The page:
Dallas Stars Become Latest to Speak Out Against Texas 'Bathroom Bill' - NBC 5 Dallas-Fort Worth
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Dallas Stars Become Latest to Speak Out Against Texas 'Bathroom Bill'

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    Dallas Stars Become Latest to Speak Out Against Texas 'Bathroom Bill'
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    The Dallas Stars have officially come out in opposition of the proposed bathroom legislation currently up for debate in the Texas Legislature's Special Session, joining a long list of companies and government officials to speak out.

    The Dallas Stars became the first major Texas sports franchise to formally oppose such legislation; however, NBCSports reported the Dallas Cowboys have been working behind the scenes to stop the bill as well, and the NBA's league office has already proven they will not stand behind similar bills.

    The commissioner pulled last year's NBA All-Star game from Charlotte after the state of North Carolina passed its own bathroom bill, before later repealing it, in part, in due to pressure from big businesses.

    Just two weeks ago, dozens of experts convened on the south steps of the Texas Capitol building to fight a bill that Austin Mayor Steve Adler called, "discriminatory, plain and simple."

    Companies that employ hundreds of Texans have also spoken out; including IBM, which paid for full-page advertisements in major state newspapers and sent executives to the capital to lobby against the bill. Many fear the bill might stop big businesses from expanding their operations in Texas, halting growth in the country's second-largest state economy.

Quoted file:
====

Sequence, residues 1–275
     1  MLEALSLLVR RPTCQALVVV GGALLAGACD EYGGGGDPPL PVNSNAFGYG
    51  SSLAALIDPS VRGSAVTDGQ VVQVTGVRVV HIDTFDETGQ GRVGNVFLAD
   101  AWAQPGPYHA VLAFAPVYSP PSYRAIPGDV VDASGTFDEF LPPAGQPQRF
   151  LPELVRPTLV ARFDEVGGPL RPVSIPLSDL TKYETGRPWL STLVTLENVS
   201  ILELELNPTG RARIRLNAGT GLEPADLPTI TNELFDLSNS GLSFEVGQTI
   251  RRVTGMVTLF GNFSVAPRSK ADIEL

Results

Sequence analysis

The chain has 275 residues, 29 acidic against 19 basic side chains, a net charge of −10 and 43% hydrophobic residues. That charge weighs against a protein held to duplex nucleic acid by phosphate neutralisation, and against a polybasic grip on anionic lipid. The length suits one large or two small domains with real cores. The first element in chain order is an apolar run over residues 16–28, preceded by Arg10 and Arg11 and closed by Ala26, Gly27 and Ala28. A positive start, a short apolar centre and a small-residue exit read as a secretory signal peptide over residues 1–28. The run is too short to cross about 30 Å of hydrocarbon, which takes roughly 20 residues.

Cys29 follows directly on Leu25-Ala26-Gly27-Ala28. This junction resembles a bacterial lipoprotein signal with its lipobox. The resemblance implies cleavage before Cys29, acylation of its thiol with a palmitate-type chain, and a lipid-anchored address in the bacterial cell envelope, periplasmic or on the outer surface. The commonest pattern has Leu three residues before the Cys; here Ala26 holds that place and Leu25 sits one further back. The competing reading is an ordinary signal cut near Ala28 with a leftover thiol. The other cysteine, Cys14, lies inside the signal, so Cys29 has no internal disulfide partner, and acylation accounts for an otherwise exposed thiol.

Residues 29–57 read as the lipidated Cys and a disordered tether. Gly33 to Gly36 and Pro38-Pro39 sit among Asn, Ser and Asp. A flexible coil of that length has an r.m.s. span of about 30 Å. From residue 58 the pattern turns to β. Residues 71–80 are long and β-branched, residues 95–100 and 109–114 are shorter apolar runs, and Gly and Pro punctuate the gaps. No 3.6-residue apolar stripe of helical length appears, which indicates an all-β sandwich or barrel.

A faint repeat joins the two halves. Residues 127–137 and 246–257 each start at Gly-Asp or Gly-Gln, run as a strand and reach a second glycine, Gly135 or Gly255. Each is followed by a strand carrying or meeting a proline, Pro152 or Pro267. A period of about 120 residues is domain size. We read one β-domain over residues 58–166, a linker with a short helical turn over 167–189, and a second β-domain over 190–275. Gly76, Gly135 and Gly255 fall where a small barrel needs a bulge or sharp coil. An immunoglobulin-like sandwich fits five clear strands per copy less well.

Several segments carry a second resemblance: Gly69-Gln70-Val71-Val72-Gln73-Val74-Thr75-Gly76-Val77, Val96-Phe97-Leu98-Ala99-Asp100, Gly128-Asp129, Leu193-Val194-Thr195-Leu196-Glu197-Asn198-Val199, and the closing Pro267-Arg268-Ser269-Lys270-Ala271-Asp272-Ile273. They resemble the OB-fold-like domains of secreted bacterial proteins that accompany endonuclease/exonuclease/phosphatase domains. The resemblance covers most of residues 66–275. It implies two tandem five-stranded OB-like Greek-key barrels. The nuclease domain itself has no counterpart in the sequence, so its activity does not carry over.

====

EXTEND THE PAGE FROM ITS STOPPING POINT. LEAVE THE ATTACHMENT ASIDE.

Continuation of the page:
Proponents of the bill argue it protects women and children from potential predators, but several law enforcement officials and school administrators from around the state have called this a solution in search of a problem.

    The opposition from activists, big businesses, economists, officials and now the Stars leave the bill's fate in doubt. The bill, which passed in the Senate, is still in committee in the House. No vote is currently scheduled, and it is uncertain whether there will be one, with just one week left in the state's special session.

    NBC 5's Julie Fine reported Tuesday night that the Speaker of the House Joe Straus is hoping the bill does not get to the floor, but Gov. Greg Abbott still wants to get something passed.

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